It’s going to take us at least two instalments to look at Bootstrap content. We’ll make a start in this instalment by focusing on the most important classes related to the HTML elements Bootstrap’s documentation (somewhat confusingly IMO) bundles together under the sub-heading Typography (under Content). Specifically that means headings, paragraphs, block quotations, and lists.

You can download the ZIP file for this instalment here.

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This post is part 54 of 60 in the series Programming by Stealth

In the previous instalment we started our exploration of Bootstrap with a look at some of its commonly used utility CSS classes. We’ll finish that off in this instalment by looking at some more utility CSS classes. That will finish out our initial look at the utilities. We’ll then be ready to move on to the next major component of Bootstrap, the CSS libraries it provides for enhancing existing HTML content.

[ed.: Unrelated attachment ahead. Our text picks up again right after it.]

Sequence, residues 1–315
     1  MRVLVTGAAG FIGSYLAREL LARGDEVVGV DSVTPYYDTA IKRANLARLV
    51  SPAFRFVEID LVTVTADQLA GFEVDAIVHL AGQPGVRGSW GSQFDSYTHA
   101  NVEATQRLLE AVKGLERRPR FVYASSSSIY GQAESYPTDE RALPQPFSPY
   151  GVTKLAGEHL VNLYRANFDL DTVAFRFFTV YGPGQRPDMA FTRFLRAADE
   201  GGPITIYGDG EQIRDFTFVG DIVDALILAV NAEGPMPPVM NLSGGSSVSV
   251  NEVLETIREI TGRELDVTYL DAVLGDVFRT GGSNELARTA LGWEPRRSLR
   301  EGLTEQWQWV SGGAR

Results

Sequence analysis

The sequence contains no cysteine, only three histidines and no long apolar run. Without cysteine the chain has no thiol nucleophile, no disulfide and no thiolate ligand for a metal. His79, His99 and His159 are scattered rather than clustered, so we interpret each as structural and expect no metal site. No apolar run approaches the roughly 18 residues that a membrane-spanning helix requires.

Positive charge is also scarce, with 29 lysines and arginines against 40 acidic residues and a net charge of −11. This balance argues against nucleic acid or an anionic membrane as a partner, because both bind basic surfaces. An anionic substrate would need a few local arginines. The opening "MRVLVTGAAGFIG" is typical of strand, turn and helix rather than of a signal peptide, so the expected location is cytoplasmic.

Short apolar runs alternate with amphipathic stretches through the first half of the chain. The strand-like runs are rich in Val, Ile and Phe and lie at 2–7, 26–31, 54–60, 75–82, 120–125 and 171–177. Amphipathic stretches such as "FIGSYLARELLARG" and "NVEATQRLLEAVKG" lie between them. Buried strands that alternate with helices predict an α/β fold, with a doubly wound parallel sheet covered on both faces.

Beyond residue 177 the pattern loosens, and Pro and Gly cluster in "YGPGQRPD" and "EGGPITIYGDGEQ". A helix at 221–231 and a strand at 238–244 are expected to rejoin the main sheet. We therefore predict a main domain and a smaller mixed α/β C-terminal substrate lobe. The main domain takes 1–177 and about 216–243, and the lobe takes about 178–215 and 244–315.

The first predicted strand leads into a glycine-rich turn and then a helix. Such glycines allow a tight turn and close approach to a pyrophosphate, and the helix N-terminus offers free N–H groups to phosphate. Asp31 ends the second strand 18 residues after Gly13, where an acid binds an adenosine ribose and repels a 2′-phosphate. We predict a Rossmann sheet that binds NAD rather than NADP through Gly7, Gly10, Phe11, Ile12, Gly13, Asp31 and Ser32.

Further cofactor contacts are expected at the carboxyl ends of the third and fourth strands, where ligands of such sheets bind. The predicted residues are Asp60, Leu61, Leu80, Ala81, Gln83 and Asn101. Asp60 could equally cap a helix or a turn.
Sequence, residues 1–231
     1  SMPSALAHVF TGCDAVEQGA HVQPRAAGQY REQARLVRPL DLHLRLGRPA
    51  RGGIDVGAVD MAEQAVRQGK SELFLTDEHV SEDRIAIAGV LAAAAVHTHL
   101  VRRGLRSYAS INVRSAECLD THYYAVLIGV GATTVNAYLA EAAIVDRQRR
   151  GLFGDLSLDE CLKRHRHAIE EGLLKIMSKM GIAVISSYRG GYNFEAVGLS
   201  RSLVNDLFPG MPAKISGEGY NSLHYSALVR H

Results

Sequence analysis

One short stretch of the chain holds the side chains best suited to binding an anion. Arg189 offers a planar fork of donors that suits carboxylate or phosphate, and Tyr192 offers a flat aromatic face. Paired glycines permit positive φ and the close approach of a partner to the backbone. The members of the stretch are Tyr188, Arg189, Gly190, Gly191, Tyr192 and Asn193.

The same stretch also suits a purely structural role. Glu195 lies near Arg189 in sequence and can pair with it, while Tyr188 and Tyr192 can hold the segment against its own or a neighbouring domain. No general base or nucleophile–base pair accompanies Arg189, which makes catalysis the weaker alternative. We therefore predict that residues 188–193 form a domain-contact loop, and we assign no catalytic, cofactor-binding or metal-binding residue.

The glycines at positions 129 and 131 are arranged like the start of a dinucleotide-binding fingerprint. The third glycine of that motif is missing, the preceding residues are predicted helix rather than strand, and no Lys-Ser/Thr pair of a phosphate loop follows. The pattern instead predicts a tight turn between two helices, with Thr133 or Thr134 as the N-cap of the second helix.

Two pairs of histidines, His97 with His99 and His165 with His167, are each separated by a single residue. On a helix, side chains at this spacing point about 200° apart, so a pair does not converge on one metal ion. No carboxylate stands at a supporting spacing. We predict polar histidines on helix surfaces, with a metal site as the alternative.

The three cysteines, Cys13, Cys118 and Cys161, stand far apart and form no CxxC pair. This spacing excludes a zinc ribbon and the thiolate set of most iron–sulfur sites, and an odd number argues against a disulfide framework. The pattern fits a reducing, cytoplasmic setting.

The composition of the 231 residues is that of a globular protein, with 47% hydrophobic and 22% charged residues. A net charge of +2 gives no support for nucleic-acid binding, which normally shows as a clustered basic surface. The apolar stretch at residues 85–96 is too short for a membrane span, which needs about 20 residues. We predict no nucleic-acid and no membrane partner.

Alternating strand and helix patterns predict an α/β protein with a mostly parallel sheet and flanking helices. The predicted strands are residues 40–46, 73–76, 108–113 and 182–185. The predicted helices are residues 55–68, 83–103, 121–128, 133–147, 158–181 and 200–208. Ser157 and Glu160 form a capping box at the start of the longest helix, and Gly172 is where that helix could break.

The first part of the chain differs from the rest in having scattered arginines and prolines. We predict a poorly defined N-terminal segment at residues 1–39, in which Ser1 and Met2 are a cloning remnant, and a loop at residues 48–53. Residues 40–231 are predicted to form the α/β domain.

The ZIP file for this instalment can be downloaded here.

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This post is part 53 of 60 in the series Programming by Stealth

We’ll start this instalment with a very quick look at my sample solution to the previous instalment‘s challenge. Then, we’ll really get stuck into Bootstrap.

As we learned last time, Bootstrap can be thought of as consisting of four separate chunks of functionality — layout, content, components, and utilities. Because utilities are universally useful, that’s where we’ll be start our journey. In this instalment we’ll meet our first few Bootstrap utility CSS classes.

You can download the ZIP file for this instalment here.

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This post is part 52 of 60 in the series Programming by Stealth

In this first instalment back after our month-long hiatus we change tack completely, moving away from JavaScript altogether, and diving right back into HTML and CSS.